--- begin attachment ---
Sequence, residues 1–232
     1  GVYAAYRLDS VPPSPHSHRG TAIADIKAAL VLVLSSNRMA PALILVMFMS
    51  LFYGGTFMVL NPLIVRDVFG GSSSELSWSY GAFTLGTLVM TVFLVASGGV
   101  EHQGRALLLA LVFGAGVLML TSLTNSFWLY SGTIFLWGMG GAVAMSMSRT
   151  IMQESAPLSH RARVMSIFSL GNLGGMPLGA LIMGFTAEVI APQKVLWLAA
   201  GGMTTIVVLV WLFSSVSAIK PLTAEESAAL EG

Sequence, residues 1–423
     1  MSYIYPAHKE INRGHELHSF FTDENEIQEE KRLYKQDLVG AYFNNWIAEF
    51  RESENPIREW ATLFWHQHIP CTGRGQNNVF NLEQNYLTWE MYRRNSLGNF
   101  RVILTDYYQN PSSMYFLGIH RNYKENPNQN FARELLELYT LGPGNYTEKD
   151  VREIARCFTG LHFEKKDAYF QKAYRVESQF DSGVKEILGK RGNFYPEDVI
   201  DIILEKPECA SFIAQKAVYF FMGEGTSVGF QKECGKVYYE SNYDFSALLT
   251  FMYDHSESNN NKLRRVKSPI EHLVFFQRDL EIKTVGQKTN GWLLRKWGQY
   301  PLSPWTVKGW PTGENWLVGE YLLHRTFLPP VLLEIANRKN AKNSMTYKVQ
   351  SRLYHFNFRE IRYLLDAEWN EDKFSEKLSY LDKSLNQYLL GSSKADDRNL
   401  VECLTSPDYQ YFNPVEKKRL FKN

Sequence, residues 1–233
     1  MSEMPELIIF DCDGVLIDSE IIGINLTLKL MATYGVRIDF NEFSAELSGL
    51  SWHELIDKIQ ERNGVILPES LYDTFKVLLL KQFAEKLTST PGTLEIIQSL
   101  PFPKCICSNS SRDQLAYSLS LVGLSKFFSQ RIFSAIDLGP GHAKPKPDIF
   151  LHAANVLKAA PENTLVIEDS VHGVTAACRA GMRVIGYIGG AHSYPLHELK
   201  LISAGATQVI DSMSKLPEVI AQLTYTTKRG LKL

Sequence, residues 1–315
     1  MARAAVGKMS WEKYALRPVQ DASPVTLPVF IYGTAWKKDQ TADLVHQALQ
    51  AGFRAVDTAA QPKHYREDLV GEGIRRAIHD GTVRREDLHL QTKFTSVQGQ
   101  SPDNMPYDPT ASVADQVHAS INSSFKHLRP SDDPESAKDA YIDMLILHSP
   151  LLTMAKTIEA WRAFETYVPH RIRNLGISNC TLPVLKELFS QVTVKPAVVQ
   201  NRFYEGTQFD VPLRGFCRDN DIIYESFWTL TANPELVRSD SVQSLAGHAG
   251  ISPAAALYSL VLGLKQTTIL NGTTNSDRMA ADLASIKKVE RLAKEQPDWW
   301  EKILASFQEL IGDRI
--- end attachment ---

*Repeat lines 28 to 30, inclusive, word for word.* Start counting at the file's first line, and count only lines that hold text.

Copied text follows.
   201  NRFYEGTQFD VPLRGFCRDN DIIYESFWTL TANPELVRSD SVQSLAGHAG
   251  ISPAAALYSL VLGLKQTTIL NGTTNSDRMA ADLASIKKVE RLAKEQPDWW
   301  EKILASFQEL IGDRI